More bad PR > Anfield: the victims, the anger and Liverpool’s shameful truth

Anfield and Liverpool FC need to get back to producing some great community engagement and relations

Anfield and Liverpool FC need to get back to producing some great community engagement and relations

This excellent piece by David Conn from the Guardian shows that the lack of transparency can ultimately cause great distress and bad PR. With the world becoming social and more two-way than it’s ever been, it would be difficult to sweep anything like this under the carpet.

Fans are generally long forgotten in the great scheme of things, but this adds more woes to Liverpool’s overworked PR department.

As this has happened across three regimes of ownerships, it would be hard to pin who is to blame. Hopefully, they will come up with an appropriate response and get back to producing some really good community relations.

Get creative and get transparent.

What do you think?

Let me know: @StevenWoodgate


Liverpool FC’s Warrior Defeats Adidas

Liverpool FC has strengthened its Anglo-American relations by signing a six year deal with US sports firm Warrior, but at what price?

The US Company will produce Liverpool FC’s kit from June and replaced established worldwide firm Adidas in doing so. Traditionally, Warrior is associated with sports like ice hockey and lacrosse and its venture into English football shows how much interest the game is having across the pond. This announcement has come to light after fellow Premier League side, Tottenham Hotspur, agreed a deal for another US firm, Under Armour, would make its kit from 2012/12.

Liverpool has not yet disclosed the figure of the deal, with many quarters believing it to be around the £25 million pound mark – this would indicate that Liverpool, with much vested sponsor interest in Asia, will soon join Manchester United and Chelsea with regular trips to the US. This could lead to a hectic pre-season to say the least.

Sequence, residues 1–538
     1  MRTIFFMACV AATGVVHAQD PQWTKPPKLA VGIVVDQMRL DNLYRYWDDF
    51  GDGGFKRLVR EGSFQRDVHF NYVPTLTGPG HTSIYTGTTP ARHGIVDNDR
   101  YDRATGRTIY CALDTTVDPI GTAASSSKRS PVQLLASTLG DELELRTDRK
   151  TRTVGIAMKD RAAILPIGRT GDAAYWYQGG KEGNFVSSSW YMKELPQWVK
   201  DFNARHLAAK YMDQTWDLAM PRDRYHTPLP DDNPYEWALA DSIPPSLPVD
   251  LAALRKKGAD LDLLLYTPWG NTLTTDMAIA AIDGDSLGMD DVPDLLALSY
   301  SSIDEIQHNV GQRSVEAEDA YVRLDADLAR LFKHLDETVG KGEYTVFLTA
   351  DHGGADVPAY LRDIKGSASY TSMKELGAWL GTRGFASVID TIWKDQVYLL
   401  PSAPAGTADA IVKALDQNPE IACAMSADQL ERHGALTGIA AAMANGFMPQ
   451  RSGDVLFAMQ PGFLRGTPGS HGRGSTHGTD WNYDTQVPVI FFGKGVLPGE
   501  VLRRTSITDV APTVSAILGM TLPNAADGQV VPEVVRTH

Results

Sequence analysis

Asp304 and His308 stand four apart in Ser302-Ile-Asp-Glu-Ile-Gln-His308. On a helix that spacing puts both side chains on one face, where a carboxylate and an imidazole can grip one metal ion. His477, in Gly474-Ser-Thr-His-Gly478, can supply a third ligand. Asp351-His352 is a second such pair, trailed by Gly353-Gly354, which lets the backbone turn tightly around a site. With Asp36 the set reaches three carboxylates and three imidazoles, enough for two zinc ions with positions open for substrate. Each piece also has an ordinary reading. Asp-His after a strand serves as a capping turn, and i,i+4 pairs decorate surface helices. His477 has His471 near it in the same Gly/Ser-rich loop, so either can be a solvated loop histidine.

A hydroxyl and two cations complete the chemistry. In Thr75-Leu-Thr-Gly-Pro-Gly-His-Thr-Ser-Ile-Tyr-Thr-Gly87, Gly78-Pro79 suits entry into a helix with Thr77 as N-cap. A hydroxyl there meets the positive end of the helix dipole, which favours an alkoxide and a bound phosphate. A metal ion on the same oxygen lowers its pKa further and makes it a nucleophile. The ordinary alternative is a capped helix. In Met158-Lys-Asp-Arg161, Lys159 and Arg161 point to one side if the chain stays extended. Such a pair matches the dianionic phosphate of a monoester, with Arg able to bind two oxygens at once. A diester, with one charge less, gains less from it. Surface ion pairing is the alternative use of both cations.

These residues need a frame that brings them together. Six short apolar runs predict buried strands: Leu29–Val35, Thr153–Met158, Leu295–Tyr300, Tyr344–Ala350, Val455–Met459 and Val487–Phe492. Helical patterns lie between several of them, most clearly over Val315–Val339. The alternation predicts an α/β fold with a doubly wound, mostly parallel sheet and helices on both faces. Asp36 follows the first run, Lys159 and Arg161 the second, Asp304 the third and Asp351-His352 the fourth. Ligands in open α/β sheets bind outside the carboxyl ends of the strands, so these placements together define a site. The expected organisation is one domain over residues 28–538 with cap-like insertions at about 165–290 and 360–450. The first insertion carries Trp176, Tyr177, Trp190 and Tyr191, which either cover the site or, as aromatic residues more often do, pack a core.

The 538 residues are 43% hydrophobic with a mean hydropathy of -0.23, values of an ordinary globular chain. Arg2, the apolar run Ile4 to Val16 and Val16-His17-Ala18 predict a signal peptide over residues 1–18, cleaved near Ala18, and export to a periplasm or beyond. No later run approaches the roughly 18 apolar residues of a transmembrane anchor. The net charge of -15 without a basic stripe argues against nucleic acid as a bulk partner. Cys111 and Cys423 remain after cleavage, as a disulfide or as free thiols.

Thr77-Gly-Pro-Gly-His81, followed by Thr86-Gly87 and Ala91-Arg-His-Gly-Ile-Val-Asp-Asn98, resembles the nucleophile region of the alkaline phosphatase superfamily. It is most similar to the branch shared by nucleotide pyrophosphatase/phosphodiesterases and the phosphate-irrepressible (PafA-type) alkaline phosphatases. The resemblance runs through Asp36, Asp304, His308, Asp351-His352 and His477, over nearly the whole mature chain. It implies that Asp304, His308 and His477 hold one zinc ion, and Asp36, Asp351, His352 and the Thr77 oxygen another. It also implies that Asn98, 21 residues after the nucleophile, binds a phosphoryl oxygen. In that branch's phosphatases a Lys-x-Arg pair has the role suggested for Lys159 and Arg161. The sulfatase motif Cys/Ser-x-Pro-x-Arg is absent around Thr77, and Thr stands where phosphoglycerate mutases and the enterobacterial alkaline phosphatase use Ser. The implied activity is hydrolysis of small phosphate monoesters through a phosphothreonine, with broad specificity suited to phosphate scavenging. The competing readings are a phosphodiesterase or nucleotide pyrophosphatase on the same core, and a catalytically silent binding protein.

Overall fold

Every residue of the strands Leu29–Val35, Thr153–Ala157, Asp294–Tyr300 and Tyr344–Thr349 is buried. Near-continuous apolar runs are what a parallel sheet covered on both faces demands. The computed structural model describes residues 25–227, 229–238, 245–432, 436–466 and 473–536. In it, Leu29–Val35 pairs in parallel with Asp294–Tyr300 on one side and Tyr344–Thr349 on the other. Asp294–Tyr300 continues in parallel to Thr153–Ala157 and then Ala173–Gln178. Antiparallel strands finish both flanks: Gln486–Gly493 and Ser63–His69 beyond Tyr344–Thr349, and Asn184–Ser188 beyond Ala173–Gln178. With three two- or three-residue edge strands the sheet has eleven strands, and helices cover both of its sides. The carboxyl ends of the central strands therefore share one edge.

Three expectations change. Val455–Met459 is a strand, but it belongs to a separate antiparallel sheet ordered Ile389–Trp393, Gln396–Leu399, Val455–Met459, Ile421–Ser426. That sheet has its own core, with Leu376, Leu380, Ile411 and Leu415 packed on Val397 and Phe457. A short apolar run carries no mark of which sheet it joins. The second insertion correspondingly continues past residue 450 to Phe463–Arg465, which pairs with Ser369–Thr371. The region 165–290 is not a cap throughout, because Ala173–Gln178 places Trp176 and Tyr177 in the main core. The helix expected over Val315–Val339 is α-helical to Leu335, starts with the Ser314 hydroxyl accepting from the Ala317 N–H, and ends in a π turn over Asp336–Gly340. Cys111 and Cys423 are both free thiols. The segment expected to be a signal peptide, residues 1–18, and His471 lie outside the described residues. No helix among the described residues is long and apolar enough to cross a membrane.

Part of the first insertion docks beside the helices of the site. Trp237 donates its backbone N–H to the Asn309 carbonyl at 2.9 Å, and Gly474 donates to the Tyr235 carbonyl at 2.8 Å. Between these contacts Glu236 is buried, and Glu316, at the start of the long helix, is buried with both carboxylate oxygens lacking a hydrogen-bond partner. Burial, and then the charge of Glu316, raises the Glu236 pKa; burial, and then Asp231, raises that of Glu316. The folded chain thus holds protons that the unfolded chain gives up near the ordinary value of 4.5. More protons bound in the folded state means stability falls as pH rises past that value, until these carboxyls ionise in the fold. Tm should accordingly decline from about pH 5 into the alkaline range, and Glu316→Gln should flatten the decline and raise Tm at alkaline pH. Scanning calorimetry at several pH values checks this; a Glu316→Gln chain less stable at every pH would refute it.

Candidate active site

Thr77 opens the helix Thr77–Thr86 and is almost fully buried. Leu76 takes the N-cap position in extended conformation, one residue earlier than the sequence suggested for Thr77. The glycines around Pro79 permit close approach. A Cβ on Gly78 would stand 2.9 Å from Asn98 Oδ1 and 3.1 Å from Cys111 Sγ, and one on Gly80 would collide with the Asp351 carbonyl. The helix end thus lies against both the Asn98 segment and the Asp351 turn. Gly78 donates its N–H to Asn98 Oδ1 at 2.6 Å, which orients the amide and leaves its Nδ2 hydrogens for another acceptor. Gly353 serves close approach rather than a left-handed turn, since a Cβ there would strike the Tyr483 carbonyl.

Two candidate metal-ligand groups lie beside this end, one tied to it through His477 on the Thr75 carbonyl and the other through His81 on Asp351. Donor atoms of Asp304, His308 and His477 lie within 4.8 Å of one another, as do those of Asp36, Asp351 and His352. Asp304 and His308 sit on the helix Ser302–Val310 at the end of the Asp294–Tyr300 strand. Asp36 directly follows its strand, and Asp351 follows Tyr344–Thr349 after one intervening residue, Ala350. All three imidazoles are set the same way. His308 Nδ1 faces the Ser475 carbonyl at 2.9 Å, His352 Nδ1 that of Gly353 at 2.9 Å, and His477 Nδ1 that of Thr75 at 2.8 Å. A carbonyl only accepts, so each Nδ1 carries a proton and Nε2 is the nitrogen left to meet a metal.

Last season Warrior became supplier to the Boston Red Sox, the baseball team that shares owners with Liverpool and will become its priority. More importantly for Warrior, owned by Boston based New Balance Athletic Shoe Inc, this deal represents the starting point for the company’s journey partnering with one of the biggest sides in the history of world football. As a first client, Liverpool is as big as it comes. Where Adidas has many clients in football, Warrior can devote its attention to promote the Liverpool brand, and promoting its products, worldwide.

Many stakeholders, more notably the fans, celebrate the rich heritage of the club and previous exploitation from American firms have gone down rather sourly. The club’s good name was dragged through the mud during the George Gillett and Tom Hicks disastrous spell as owners, and it wasn’t until John W. Henry’s timely invention that the fans recent fortunes have turned around

This agreement may have a lot of monetary value, but regardless of the where the money is coming from, Liverpool’s previous interpretations of Americans has somewhat disappeared. Liverpool financial health has been restored and this integral link with Warrior will undoubtedly provide the perfect springboard for the club to reap the benefits.

Adidas claimed that Liverpool’s asking price and their performance on the pitch didn’t match up. Club chief executive Ian Ayre seemed baffled by the claims though, saying: “We are disappointed that Adidas seem to point to a lack of European football as reason not to agree a new deal and cannot see that we are on a par with the biggest football brands in the world

“Warrior Sports will bring its own unique brand and ideas to the partnership, ensuring they can assist us at the club both on and off the field of play.”

This would add context with the club’s world appeal; however, more shockingly for Liverpool, Adidas’s decision not to extend their deal indicates that the club, especially with its on-field performances, is behind its rivals. Football is a results business and with the club not qualifying for the Champions League recently and without a trophy to speak of since victory in the FA Cup final in 2006, the club may not be as marketable as it once was.

From a PR perceptive, this move strengthens the club’s international unity and the current owners – Fenway Sports Group – can look after their important stakeholders.

Warrior will look to benefit financially as well, with the club’s jersey being one of the most sold worldwide, and with the investment, Liverpool will need to significantly improve on-field results to ensure these sponsors receive maximum coverage. If that is the case, Warrior will achieve great exposure to a number of potential clients, and then the big investment in Liverpool will become very beneficial.

For Liverpool, the club will receive a huge lump of income every year with a non-performance related agreement and it proves it can compete financially with the big boys despite the on-field struggles.


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